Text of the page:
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Is it acceptable to model a very complex object graph using XML in the database, but leave the rest of a system in relational tables?

I'd like to gauge opinion on this as I've hit a bit of a conundrum.

Many thanks



I'm building a financial application which, although not at all large in terms of data storage ( <= tens of megabytes initially), will have a very complex data model.

Specifically, users will be working within the context of a "Project" entity, which will contain various sub-entities and lists. The users will be able to add formulae to diverse parts of this object graph and they will be continuously recalculated in realtime.

The complexity comes in two parts:

  1. No matter where in the class hierarchy a formula is located, it will be able to reach any other part of the same parent project entity using a path-like syntax. This will include the results of other formulae, and I will be implementing all of this with an in-memory dependency tree on a middle tier.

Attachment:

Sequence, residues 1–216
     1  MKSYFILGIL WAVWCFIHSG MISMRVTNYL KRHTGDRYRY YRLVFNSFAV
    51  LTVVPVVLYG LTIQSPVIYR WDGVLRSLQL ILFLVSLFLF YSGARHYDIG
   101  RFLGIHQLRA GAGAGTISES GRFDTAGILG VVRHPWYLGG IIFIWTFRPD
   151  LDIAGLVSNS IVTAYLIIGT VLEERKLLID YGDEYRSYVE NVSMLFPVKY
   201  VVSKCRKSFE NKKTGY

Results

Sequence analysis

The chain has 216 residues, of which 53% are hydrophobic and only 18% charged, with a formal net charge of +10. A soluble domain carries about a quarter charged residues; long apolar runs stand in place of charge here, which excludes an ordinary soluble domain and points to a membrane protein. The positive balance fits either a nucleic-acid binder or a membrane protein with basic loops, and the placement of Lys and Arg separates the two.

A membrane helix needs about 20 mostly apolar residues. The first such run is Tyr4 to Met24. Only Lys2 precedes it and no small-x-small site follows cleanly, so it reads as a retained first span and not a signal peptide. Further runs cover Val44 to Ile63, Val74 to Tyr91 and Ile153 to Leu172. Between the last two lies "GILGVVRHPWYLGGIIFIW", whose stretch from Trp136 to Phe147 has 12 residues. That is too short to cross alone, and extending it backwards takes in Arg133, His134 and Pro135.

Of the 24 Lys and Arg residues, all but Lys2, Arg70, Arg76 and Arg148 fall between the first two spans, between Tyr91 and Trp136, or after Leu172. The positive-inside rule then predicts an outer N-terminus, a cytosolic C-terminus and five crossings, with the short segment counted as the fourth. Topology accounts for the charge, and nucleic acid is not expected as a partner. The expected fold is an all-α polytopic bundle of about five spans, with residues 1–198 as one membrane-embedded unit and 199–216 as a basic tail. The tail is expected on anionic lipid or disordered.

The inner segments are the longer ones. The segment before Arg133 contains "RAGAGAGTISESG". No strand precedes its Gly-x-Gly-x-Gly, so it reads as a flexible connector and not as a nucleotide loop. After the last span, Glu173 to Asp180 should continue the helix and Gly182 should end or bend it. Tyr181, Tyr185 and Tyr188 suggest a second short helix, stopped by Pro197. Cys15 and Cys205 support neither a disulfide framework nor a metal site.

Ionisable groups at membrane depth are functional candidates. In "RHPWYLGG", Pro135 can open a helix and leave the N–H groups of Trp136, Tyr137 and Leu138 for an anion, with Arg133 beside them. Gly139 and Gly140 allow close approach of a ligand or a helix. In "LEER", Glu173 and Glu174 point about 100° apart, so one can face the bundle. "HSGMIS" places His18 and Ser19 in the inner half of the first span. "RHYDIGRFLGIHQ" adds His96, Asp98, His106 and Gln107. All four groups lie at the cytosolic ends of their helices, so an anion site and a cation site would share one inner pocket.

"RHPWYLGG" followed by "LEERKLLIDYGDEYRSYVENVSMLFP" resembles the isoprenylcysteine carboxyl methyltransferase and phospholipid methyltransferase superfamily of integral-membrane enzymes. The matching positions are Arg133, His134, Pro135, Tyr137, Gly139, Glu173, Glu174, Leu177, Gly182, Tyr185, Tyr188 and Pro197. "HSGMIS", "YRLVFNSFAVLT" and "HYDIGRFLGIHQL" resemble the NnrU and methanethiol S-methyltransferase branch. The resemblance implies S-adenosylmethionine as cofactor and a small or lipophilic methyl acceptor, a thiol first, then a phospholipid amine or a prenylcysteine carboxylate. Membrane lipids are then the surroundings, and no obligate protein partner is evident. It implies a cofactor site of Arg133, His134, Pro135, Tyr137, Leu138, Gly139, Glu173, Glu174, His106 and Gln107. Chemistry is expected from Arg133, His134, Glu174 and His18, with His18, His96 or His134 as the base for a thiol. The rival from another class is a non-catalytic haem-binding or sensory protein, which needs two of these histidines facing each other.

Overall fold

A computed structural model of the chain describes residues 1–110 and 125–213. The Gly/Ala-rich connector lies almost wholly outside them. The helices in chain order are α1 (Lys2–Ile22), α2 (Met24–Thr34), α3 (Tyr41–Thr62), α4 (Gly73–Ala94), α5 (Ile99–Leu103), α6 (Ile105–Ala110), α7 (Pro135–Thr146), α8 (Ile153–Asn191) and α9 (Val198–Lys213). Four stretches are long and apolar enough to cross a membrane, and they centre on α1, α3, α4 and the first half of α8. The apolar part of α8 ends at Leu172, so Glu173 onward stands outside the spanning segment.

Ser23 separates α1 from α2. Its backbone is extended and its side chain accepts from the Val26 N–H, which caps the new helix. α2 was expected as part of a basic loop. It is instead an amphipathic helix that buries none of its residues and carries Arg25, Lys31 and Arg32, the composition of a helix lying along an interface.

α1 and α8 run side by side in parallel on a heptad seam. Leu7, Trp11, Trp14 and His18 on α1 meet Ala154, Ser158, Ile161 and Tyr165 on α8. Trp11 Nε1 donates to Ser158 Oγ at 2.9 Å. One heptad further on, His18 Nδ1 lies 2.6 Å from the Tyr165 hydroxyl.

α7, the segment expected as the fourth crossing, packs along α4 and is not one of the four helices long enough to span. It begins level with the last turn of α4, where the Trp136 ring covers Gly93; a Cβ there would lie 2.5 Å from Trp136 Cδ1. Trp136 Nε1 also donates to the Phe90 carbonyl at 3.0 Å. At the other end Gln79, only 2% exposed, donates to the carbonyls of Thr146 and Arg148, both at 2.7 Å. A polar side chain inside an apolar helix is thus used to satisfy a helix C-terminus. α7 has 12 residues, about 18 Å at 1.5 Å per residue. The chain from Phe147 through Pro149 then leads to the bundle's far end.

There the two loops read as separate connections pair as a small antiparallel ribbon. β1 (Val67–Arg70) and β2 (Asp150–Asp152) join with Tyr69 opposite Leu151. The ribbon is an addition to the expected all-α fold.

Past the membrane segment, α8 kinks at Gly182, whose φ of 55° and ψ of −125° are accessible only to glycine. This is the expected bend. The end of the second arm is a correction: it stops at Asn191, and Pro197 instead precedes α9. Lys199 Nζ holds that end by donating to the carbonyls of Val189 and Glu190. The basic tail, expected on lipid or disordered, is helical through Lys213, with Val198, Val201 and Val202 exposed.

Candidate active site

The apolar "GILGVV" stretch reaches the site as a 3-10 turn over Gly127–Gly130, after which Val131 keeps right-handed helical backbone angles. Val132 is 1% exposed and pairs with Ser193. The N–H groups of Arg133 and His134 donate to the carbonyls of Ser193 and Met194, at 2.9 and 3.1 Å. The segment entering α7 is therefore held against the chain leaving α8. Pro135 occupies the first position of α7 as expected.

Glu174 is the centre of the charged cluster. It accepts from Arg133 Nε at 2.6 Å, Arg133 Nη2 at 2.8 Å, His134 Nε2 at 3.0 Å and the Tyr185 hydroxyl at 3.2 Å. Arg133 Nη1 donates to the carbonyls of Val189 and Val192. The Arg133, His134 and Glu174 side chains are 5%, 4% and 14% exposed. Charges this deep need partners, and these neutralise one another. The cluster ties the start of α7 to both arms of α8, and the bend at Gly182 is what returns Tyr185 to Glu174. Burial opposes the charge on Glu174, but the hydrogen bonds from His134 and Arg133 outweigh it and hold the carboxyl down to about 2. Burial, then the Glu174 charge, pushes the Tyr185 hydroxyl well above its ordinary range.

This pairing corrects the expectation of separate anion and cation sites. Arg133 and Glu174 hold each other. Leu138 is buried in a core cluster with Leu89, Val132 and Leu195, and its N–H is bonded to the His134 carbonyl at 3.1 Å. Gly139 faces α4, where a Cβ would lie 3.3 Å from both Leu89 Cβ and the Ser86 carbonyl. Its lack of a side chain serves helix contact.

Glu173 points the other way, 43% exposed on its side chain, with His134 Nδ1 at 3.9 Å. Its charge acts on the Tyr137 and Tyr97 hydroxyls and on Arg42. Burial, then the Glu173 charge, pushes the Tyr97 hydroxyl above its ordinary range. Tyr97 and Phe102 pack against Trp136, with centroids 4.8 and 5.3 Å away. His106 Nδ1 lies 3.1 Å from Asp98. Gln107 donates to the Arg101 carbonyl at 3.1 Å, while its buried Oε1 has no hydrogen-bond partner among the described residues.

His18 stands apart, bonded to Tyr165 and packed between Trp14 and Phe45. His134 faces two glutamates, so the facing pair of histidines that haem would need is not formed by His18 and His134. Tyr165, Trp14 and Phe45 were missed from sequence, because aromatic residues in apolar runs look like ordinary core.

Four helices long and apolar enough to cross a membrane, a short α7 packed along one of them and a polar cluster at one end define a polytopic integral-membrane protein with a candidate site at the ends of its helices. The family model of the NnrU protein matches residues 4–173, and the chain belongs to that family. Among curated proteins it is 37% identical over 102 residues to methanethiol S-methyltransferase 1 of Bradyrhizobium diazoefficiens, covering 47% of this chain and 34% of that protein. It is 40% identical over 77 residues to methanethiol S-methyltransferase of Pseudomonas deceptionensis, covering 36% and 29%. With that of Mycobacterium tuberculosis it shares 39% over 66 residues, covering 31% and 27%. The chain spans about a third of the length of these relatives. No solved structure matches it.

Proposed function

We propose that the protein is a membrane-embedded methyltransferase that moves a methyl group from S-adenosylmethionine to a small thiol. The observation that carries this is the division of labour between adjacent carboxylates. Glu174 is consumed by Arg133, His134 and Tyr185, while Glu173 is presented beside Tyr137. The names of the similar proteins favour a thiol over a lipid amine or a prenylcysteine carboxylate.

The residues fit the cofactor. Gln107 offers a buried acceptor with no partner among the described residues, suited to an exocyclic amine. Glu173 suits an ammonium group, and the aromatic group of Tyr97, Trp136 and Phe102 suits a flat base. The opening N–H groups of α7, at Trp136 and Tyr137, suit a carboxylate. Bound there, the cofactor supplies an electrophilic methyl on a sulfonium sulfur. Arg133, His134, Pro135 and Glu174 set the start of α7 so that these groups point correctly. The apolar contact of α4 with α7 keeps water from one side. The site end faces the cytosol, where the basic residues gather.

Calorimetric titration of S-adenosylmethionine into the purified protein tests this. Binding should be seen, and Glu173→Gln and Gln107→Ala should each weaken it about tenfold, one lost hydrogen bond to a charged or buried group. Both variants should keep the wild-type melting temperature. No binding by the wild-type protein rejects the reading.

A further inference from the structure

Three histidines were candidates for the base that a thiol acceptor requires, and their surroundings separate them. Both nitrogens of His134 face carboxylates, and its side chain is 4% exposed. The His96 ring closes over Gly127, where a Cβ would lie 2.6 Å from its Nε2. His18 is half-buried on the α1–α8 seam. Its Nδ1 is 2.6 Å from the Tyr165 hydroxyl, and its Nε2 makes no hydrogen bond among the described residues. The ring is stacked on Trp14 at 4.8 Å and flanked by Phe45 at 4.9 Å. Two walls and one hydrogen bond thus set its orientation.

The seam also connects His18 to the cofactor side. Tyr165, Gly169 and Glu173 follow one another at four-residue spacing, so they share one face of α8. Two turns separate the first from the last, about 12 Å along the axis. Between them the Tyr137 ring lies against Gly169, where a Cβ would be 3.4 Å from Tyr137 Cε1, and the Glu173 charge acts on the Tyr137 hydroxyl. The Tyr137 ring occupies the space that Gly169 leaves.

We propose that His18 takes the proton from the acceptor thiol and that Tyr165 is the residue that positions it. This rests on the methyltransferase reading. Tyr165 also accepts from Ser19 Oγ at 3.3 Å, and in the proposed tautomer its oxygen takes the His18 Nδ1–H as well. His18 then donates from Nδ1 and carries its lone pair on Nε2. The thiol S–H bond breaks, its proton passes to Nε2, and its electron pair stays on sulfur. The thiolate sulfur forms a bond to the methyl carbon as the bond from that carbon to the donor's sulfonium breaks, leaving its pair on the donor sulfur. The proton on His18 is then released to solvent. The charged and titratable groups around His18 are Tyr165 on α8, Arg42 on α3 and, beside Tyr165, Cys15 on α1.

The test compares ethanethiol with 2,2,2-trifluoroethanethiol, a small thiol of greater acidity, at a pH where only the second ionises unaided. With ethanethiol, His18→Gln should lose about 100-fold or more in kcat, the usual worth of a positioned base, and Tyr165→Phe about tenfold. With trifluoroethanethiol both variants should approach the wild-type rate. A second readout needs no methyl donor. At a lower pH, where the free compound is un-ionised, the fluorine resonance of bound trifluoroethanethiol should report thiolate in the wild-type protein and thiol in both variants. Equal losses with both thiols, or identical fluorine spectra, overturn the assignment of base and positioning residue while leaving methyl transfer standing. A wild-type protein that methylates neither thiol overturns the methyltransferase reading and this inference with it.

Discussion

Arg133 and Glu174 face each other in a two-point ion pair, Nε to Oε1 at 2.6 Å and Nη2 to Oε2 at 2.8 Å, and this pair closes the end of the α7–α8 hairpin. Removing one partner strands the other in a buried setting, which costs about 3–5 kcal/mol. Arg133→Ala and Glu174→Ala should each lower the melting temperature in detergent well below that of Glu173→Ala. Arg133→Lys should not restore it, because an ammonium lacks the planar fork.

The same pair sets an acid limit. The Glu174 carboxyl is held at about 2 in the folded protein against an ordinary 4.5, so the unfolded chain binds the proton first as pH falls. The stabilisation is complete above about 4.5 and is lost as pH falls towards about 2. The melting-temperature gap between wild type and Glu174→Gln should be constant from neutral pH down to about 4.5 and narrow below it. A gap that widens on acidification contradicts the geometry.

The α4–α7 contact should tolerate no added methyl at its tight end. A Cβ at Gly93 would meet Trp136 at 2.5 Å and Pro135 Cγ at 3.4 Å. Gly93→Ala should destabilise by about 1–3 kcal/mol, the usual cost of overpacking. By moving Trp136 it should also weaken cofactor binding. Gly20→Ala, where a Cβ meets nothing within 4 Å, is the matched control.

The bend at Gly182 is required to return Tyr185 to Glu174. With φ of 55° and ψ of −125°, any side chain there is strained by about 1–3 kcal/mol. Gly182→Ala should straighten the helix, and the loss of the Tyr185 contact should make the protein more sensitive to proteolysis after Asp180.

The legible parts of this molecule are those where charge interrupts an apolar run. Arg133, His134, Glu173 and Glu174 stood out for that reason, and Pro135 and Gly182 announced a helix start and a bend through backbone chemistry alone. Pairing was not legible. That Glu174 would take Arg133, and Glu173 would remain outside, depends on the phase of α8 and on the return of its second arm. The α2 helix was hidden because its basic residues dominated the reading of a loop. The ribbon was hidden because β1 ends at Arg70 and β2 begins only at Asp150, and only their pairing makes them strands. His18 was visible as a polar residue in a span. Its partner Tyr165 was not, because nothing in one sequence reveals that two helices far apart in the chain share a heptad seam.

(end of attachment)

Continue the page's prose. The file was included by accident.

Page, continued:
2. I'd like all the formulae to have the same basic structure, metadata, etc. To accomplish this, all formulae will be represented by the same class structure in code, regardless of which part of the data graph they are attached to.

I'd much rather have the whole thing in a document - it would mean much less time spent fussing with database design, and I'd be able to have a much richer object model for the same amount of effort. I'm worried though about relational integrity - I'd still want to store my static data in relational tables.


  • SQL Server 2012.
  • .Net 4.5 (via C#)
  • Entity Framework (database first) on the middle tier
  • Simple auto-generated DTOs over WCF for services
  • WPF with Prism on the client.

I've not considered NoSQL storage ideas, largely because I don't have enough experience of them for a project with tight timelines. I've also not considered Entity Framework code-first, for the same reason.

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1 Answer 1

Is it acceptable to model a very complex object graph using XML in the database, but leave the rest of a system in relational tables?

Absolutely, as long as you know what you are doing, and you know what it is good for. For example, modeling your object graph as an XML document won't let you change parts of that XML concurrently by different users. And it will make SQL queries more complex when querying for a property within the XML (note that SQL Server has a lot of direct XML support). On the other hand, you will gain the flexibility you already mentioned in your post. So when the advantages outweigh the disadvantages, there's no reason to stick dogmatically to "only relational" or "only XML".

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